Preserving farm freshness
Consumer preferences for local value-added products at urban farmers markets
Keywords:Farmers Market, Value-Added Product, Local Food, Food Security, Food Choice, Urban Consumers
Farmers markets (FMs) are known for fresh fruits and vegetables, but many also feature shelf-stable, value-added products (VAPs) like sauces, jams, and fermented produce. Despite the potential importance of locally sourced VAPs to FMs, farmers, and food-insecure communities, few if any studies have examined consumer preferences related to small-batch VAPs of the kind often prepared for sale at FMs. To address this gap in knowledge, this study presents the results of a collaboration between farmers, researchers, and a not-for-profit community kitchen in New Jersey. First, using the Food Choice Process Model as a framework, we conducted focus groups (four focus groups: 6-10 participants per group; 33 participants total) to gain insight into what would make locally sourced VAPs appealing to residents of food-insecure areas. Major themes that emerged were cost, quality, and health; less common themes included culture, food safety, and ethical values. Second, drawing on focus group data, we developed new VAPs—including tomato sauce, applesauce, hot pepper relish and pickled jalapeños—using ingredients from local farms. Third, we conducted controlled sensory evaluations to assess FM customer satisfaction with project-specific VAPs. Urban consumers (N=49) ranked a store-bought tomato sauce significantly higher on taste, sweetness, saltiness, and thickness, compared to the VAP version. However, VAP and store-bought applesauces were comparable across most attributes, and reactions to the hot pepper relish and pickled jalapeños were broadly positive. Overall, findings suggest that locally sourced VAPs tailored to the preferences of particular markets may constitute a valuable addition to the local food landscape in food-insecure areas.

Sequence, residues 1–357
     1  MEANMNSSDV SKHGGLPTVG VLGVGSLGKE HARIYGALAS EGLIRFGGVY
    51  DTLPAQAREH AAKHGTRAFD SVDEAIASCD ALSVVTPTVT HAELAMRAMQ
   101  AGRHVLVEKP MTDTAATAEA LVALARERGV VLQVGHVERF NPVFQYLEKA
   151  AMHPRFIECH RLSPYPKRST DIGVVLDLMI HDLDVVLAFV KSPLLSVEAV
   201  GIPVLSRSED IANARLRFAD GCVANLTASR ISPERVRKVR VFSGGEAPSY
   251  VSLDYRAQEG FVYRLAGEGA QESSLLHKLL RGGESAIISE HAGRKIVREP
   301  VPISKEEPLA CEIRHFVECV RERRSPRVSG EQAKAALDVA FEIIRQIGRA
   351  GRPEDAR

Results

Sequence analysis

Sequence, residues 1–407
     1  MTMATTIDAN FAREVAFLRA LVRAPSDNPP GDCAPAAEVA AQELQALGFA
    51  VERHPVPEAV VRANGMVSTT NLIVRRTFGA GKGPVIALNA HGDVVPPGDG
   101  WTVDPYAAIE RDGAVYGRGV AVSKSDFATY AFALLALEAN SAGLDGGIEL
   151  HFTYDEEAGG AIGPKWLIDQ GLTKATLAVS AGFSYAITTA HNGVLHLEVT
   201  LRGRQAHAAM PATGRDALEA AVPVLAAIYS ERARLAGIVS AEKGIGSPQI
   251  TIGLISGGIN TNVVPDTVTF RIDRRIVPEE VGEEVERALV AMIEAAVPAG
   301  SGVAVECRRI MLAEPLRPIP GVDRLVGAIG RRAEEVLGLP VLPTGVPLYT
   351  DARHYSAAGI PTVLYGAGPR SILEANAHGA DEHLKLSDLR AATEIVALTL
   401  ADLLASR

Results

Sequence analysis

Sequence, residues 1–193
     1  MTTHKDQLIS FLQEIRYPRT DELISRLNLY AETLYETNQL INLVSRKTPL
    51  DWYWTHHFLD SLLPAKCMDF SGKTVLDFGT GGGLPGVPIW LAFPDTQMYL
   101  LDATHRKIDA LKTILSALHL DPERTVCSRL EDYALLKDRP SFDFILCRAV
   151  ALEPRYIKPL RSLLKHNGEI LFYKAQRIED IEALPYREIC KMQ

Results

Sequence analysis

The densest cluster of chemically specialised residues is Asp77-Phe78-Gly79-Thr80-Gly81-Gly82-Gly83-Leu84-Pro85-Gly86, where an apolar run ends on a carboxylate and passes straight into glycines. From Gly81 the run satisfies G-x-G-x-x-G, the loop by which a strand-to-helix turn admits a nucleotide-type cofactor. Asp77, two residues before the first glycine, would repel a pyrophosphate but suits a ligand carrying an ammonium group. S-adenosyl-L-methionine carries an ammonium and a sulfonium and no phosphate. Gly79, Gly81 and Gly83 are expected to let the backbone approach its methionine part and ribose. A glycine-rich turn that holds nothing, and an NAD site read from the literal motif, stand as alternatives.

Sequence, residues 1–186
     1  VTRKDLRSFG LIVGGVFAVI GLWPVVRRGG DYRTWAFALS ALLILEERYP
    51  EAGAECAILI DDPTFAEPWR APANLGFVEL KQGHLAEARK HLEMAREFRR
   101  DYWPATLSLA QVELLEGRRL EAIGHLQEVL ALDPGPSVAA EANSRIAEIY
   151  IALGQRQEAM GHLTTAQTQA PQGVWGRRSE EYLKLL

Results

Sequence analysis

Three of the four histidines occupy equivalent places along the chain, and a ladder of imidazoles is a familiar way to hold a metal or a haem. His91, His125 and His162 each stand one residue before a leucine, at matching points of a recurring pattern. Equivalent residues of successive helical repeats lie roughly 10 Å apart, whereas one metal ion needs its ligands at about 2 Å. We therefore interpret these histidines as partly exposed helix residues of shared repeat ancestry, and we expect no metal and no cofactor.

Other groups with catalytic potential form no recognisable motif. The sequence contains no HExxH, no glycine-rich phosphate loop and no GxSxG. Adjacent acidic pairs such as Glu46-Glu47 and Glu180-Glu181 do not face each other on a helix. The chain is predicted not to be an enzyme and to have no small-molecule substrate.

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Copyright (c) 2022 Virginia Quick, Lauren B. Errickson, Graham E. Bastian, Grace Chang, Sarah Davis, Anthony Capece, Ethan D. Schoolman
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